In harmony with those principles, Jehovah’s Witnesses do not charge for their literature or for Bible instruction. Nor do they tithe or take up collections at their meetings. Instead, needed funds are supplied through private voluntary donations.—Matthew 6:2, 3.
The Exodus From Organized Religion Foretold!
Not many decades ago, the present plight of organized religion would have been hard to imagine. God, however, foresaw this development and announced it in advance in the Bible. Using symbolic language, God likened all religion that is unfaithful to him to a flamboyant prostitute named “Babylon the Great.”—Revelation 17:1, 5.
That symbol is fitting because false religion, while claiming fidelity to God, has consorted with the rulers of the world to gain power and wealth. “The kings of the earth . . . committed sexual immorality with her,” says Revelation 18:9. The term “Babylon” is appropriate too, because many false religious teachings and practices, such as the immortality of the soul, triune gods, and occultism, have roots in ancient Babylon, a city steeped in false religion and superstition. *—Isaiah 47:1, 8-11.
Mighty Babylon fell when its protective waters—a moat fed by the Euphrates River—were “dried up,” opening the way for an army of Medes and Persians to conquer the city. (Jeremiah 50:1, 2, 38) In fact, Babylon was taken in one night!—Daniel 5:7, 28, 30.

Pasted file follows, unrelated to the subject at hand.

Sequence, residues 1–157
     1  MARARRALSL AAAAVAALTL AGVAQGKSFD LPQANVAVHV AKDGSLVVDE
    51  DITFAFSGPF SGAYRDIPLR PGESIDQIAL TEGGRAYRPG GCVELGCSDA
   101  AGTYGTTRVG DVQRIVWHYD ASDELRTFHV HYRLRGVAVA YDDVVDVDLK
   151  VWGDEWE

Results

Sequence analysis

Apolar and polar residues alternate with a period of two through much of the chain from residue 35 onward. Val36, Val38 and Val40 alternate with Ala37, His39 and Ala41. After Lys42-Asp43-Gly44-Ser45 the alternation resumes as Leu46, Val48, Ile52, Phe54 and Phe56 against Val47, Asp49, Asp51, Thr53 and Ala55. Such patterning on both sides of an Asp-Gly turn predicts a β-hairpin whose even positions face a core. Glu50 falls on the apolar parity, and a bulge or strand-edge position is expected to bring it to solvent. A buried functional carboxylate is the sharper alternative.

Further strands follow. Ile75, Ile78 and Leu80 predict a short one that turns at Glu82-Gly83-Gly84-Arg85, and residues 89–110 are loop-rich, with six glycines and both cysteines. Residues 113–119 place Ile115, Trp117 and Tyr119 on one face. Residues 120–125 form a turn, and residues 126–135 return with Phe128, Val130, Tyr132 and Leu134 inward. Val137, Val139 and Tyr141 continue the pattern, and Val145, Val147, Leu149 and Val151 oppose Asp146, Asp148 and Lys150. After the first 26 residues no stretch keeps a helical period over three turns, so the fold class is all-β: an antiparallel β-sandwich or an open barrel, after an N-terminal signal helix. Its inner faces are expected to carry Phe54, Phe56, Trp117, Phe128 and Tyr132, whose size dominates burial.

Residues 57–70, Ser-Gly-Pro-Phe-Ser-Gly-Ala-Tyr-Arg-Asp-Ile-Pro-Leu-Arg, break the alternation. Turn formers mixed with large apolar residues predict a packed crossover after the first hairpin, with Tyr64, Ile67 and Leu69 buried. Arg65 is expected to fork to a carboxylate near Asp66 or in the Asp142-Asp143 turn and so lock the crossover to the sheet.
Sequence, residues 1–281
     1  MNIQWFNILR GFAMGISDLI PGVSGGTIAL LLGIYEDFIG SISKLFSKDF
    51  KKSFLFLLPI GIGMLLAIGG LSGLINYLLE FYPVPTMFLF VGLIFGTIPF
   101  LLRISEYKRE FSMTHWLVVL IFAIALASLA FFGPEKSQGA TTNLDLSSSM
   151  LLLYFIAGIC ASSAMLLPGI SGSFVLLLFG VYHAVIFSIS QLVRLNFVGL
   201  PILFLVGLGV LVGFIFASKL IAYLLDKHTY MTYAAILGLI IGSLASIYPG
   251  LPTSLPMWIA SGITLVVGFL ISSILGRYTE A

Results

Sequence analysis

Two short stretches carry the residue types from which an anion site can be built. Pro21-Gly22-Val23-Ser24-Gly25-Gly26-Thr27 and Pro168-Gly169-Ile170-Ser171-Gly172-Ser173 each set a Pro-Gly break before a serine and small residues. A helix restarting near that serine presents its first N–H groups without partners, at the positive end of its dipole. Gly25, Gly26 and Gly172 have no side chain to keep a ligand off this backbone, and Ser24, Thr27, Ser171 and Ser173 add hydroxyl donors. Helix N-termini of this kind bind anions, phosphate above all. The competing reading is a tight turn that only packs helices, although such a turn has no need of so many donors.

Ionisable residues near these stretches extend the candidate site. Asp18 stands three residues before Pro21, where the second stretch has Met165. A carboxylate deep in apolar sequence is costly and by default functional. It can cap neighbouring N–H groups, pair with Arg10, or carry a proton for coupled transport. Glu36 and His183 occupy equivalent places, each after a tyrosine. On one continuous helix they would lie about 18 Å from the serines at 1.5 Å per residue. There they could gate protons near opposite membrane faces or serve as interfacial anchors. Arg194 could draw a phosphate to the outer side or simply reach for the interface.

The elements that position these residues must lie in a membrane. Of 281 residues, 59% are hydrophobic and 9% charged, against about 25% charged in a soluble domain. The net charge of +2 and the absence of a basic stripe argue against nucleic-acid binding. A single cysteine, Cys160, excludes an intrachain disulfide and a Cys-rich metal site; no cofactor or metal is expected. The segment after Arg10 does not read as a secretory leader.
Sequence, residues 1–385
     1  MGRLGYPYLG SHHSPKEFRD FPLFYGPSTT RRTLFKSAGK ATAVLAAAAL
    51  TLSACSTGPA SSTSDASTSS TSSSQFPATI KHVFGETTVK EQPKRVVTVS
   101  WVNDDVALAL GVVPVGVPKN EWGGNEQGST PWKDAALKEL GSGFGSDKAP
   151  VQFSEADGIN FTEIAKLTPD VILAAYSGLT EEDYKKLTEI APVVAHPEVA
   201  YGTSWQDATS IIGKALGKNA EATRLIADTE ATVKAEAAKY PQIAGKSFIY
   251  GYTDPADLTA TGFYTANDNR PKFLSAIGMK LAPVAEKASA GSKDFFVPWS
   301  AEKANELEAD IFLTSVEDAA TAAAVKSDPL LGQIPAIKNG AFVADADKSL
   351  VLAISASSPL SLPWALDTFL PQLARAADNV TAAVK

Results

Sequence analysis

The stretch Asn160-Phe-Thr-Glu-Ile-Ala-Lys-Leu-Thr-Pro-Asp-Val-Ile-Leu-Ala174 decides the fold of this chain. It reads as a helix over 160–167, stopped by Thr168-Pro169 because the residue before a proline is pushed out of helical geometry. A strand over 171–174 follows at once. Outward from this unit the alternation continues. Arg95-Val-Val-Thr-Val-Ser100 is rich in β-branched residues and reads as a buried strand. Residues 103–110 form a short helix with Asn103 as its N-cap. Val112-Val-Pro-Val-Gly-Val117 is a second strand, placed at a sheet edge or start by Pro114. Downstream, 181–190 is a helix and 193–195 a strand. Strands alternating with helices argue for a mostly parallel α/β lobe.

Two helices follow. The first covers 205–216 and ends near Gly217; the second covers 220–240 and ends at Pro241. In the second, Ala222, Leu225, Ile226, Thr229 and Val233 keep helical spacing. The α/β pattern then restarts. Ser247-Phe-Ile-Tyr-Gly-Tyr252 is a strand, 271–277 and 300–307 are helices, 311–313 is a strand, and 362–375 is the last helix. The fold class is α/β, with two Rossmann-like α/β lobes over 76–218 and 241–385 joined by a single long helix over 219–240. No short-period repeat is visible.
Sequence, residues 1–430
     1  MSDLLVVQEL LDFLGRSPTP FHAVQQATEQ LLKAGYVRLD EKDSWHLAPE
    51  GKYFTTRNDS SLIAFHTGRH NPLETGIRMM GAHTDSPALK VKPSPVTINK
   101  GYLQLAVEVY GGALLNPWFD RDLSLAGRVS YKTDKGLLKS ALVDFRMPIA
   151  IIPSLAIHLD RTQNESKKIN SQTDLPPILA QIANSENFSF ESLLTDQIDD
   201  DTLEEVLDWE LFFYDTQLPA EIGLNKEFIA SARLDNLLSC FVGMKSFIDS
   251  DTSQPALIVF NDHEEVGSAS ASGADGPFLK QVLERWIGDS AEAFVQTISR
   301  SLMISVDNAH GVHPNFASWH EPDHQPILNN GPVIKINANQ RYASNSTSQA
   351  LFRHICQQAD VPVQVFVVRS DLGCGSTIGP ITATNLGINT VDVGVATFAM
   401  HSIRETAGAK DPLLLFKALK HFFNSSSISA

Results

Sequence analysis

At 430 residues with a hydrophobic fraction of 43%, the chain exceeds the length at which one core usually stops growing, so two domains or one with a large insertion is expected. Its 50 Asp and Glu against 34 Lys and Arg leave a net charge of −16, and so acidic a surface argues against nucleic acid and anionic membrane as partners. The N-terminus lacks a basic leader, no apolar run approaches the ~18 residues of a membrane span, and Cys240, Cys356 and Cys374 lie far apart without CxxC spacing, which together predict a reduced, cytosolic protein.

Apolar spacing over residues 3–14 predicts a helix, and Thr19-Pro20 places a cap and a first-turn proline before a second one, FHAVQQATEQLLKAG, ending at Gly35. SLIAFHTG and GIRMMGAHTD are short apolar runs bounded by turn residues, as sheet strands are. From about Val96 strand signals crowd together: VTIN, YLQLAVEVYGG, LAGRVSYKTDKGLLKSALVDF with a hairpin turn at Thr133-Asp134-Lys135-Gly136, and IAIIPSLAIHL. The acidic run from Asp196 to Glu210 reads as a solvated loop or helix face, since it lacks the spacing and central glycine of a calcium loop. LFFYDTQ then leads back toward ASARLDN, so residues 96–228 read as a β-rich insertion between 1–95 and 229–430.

Babylon the Great too “sits on many waters.” These, the Bible tells us, mean “peoples and crowds”—the millions who support false religion. (Revelation 17:1, 15) The Bible foretold that these symbolic waters would dry up—a development that portends the imminent and swift destruction of modern-day Babylon. (Revelation 16:12; 18:8) But at whose hands? Those of her political consorts, whose love for her will turn to hatred. They will also plunder her, or devour her figurative flesh.—Revelation 17:16, 17. *
“Get Out of Her”!
Because of what lies in store for Babylon the Great, God lovingly warns: “Get out of her, my people, if you do not want to share with her in her sins, and if you do not want to receive part of her plagues.” (Revelation 18:4) Notice the word “if,” mentioned twice. Yes, God’s warning is aimed at people who are disturbed by hurtful teachings and who want God’s favor—people like Gaffar and Hediye, mentioned earlier.
Before studying the Bible, Gaffar saw God as Someone to be obeyed mainly out of fear. “It was a relief to learn that Jehovah is a God of love,” he said, “and that he wants us to obey him primarily out of love.” (1 John 4:8; 5:3) Hediye found inner peace when she learned that God did not make her an orphan and that her situation was not the result of fate. She was comforted by such Bible texts as James 1:13, which says that God does not test people with evil. She and Gaffar embraced Bible truth and fled “Babylon.”—John 17:17.
When Babylon the Great is destroyed, no harm will come to those who have obediently fled from her in order to “worship the Father with spirit and truth.” (John 4:23) Their hope is to see the earth “filled with the knowledge of Jehovah as the waters cover the sea.”—Isaiah 11:9.
^ par. 16 For more information on Babylon the Great and on what the Bible says about the condition of the dead, the nature of God, and the occult, see the book What Does the Bible Really Teach? It is available online at www.jw.org.